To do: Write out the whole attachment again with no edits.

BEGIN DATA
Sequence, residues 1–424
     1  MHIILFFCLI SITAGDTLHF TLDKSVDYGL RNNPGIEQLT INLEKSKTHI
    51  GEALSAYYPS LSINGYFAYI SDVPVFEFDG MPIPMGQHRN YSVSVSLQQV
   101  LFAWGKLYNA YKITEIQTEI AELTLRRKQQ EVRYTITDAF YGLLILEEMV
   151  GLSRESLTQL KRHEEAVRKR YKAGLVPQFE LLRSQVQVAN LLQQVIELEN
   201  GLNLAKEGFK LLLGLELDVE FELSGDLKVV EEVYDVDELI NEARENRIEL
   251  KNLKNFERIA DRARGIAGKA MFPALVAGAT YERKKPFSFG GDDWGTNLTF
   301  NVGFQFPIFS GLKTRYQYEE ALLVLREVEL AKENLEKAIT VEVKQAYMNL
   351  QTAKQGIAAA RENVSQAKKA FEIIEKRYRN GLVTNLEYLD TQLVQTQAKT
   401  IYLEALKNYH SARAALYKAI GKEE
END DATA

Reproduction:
Sequence, residues 1–424
     1  MHIILFFCLI SITAGDTLHF TLDKSVDYGL RNNPGIEQLT INLEKSKTHI
    51  GEALSAYYPS LSINGYFAYI SDVPVFEFDG MPIPMGQHRN YSVSVSLQQV
   101  LFAWGKLYNA YKITEIQTEI AELTLRRKQQ EVRYTITDAF YGLLILEEMV
   151  GLSRESLTQL KRHEEAVRKR YKAGLVPQFE LLRSQVQVAN LLQQVIELEN
   201  GLNLAKEGFK LLLGLELDVE FELSGDLKVV EEVYDVDELI NEARENRIEL
   251  KNLKNFERIA DRARGIAGKA MFPALVAGAT YERKKPFSFG GDDWGTNLTF
   301  NVGFQFPIFS GLKTRYQYEE ALLVLREVEL AKENLEKAIT VEVKQAYMNL
   351  QTAKQGIAAA RENVSQAKKA FEIIEKRYRN GLVTNLEYLD TQLVQTQAKT
   401  IYLEALKNYH SARAALYKAI GKEE